Shotgun or Rifle Approach

I am not a sportsman, but the topic of whether to take a rifle or shotgun approach to business development is one that I often encounter. Like most strategic decisions, this is not an either/or decision, but one that must be considered as part of your overall federal strategy. The argument is over whether it is better to take a broad approach, responding to solicitations as they are issued the government (shotgun approach) or to target specific procurements by devoting significant resources to individual opportunities (rifle approach). The idea is that a rifle approach will result in a higher winning percentage, but the cost of each individual proposal will be higher. On the other hand, a shotgun approach means that the company is going after anything and everything within its scope of business by using a sophisticated proposal process at a lower cost per proposal. The rifle approach focuses on the upfront relationships and therefore requires a well-tuned business development and capture engine. The shotgun approach invests resources into the capture and proposal process, relying on its ability to address specific requirements in the solicitation documents better than the competition and at a lower price.

The rifle strategy is best suited for companies that have a well-defined product and/or a well understood market segment. These companies can focus their approaches on that segment of the Federal Government that has the greatest need for their product or service. They can easily analyze what agencies or organizations use their product or service and who the decision-makers are within that organization. On the other hand, many companies have broader scope of products or services, or fewer resources and time to devote to building these relationships. For example they may be selling security services or web design services that impact the broader customer base. Likewise, commodity products and services are generally best addressed using a shotgun strategy.

Do not fall into the “either/or” trap. I have heard many companies state that they will only bid where they have a solid relationship with the customer. They focus on win percentages at the expense of extending their reach. Other companies rely only on responding to solicitation documents and “word of mouth”. Both types of companies can succeed, but they are missing big opportunities.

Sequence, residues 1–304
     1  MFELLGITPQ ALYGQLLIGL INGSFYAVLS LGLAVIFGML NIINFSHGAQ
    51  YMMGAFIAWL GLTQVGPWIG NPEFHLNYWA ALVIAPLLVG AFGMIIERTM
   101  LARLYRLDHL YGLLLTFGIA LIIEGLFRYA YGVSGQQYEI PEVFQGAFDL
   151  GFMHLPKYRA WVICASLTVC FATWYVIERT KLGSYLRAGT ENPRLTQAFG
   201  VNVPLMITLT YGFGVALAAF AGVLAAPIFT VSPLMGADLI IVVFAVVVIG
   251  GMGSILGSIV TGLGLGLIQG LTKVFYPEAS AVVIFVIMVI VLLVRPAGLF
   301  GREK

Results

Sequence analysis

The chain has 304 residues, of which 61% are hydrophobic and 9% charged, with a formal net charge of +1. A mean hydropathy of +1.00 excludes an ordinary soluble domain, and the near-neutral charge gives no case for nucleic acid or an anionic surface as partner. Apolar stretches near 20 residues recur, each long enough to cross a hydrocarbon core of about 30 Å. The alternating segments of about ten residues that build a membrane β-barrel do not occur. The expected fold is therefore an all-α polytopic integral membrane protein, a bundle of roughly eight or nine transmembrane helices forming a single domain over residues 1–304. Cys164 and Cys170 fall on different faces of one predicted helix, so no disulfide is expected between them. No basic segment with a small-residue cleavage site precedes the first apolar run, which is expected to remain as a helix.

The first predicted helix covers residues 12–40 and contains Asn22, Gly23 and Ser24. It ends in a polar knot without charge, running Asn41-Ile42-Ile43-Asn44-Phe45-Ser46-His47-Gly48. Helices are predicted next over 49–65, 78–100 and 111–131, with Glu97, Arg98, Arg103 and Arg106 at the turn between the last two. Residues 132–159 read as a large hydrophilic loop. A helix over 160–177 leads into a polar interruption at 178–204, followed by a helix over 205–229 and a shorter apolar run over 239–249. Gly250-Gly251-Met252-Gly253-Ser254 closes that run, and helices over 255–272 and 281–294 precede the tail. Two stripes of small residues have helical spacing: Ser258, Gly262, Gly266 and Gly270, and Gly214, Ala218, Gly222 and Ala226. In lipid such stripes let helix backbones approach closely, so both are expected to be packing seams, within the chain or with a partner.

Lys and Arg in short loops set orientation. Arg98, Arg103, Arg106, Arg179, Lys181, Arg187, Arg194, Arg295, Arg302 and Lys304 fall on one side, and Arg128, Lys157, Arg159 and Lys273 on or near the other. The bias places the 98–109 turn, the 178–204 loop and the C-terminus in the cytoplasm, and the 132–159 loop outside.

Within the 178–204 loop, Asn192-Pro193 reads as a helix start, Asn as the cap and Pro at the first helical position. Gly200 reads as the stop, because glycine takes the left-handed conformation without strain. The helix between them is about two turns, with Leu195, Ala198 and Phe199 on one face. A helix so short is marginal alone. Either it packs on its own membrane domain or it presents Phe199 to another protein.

I contend that every company must balance their strategy using a combination of rifle and shotgun approaches. Yes, I did say balance, one of my major themes. A company that relies 100% on either the rifle or shotgun strategy will miss important growth opportunities for their business. The fact is that no company can identify every opportunity sufficiently in advance of the solicitation documents to allow the time to build their relationship the client. Further, many federal customers do not want to hold conversations with vendors and actually cut off those conversations early in the process. The degree to which your company will subscribe the each of these approaches is dependent on the amount of resources you have to dedicate to marketing and relationship building with clients. The more your product or service approaches commodity (that is any product or service that has a large number of contenders in the same market space), the more your strategy will lean towards the shotgun approach.

Assess the personality of your product/service and markets by taking my market personality assessment. This will help you decide which strategy is most appropriate for your company.

Please let me know which strategy your company follows and why by leaving a comment below.


Posted on September 29, 2011, in Balance, Personality, Strategic Planning and tagged , . Bookmark the permalink. Leave a comment.

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